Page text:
The Wantagh class of 2017 has 282 students. That includes 11 sets of twins, one set of triplets, and one set of quadruplets – my siblings and I, the Goldricks.
Among my siblings, I’m the oldest, one minute older than my sister Katie, two minutes older than Lizzy and three minutes older than our brother Will.
When we are all together meeting new people we get the same reaction every time. First people will ask if we are siblings. Next they will look at my two sisters and say, “Are you two twins?”
To that one of us will respond that we are quadruplets. “Oh, so two sets of twins?” comes the common, confused reply. We say no, it’s like twins, but instead of two at once it’s four and sometimes there is still confusion. People are just not used to seeing quadruplets.
“I’ve always been amazed at the Goldrick’s unique personalities,” said our good friend and fellow WHS senior Gillian Groom. “You are so similar, yet at the same time I’ve watched you develop completely different likes, dislikes and opinions since second grade.”
There are some logistical differences between raising quadruplets and raising multiple singletons. Our parents pushed us in a quad stroller. That unique device was given to us from a family with multiples and passed along by our parents to another set of quads. We also have a camper on the side of our house that has four bunk beds.
Being a quad leads to unique experiences. When we were very young, my parents, siblings and I were driving through the Pennsylvania countryside on our way to Dutch Wonderland. We were in Amish country and we started screaming out the window at the Amish, “Hey buggy people.” A car started to follow us. My parents became nervous. The people in the car were honking at us. Then they sped up next to us and rolled down the window and screamed, “We have quads, too.”
We pulled over and our parents and the other quad parents compared quad experiences.
We can appreciate how difficult it was for our parents. They went through 40 diapers a day. We were all color coded with each of us wearing a different color. When we went to elementary school our parents made sure to separate us so we would be in different classes. They felt that separating us would help to make sure we could succeed in academics and social situations independent of each other.
One fun experience I gained from being a multiple was group birthday parties. We’ve always celebrated together. When we were younger the parties were at places like Bounce and lazer tag. We would have around 30-40 guests at our house. Our Sweet Sixteen was the best of these parties. My sisters and I shared our Sweet Sixteen and had to discuss and compromise with each other on the decorations, the guest list, the court. My brother was also involved in the planning, but it was his birthday party.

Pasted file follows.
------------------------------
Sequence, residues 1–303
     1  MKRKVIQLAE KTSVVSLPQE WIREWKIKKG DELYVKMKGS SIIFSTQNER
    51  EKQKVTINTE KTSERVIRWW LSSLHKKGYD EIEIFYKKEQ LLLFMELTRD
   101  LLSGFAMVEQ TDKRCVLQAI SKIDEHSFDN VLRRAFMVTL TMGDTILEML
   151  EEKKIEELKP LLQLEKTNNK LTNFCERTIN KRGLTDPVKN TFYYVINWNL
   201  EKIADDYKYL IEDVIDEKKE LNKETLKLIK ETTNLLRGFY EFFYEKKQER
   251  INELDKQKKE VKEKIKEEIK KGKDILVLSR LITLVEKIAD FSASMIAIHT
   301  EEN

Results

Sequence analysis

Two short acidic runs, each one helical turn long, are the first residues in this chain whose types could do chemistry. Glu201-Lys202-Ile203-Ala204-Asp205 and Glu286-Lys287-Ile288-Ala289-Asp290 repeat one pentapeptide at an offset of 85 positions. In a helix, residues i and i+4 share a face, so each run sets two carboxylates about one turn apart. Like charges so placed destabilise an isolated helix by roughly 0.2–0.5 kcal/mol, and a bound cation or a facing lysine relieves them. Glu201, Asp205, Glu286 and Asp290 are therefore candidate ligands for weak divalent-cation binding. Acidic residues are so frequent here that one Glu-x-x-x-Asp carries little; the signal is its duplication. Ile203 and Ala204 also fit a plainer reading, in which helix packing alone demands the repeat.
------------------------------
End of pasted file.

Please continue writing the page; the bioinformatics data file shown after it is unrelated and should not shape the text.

Today we are 17 and will turn 18, appropriately enough, on November 4. People will always ask us, “What is it like to be quadruplets?” We will say it’s like having a friend down the hall. To us, it’s not novel. We are used to it and we don’t really think about it.
As for college next year we didn’t care if we went together. Our college decisions came down to prioritizing what was important and what was best for each of us. Starting in the 10th grade all of our vacations became college-based. Collectively four of us visited about 30 colleges. It was a lot of work for our parents. We sent out quite a few applications.
In the fall l will attend St. John’s University; Katie will be going to George Washington University; Lizzie picked University at Buffalo; and Will is going SUNY Maritime. All four of us worked hard in school and earned academic scholarships to help our parents defray the cost of sending us all to college.
The end of this school year marks a shift in our relationship, the progress of our collective memory will end and we all go our separate ways. The four of us have shared our lives. There was always someone I could turn to and say “Hey do you remember…” and they would know exactly what I was talking about. This summer they are all leaving June 13 to go to go work at a sleepaway camp in Connecticut and I will be staying home.
It’s new, almost sad. I’m excited for college but I’m going to miss my siblings.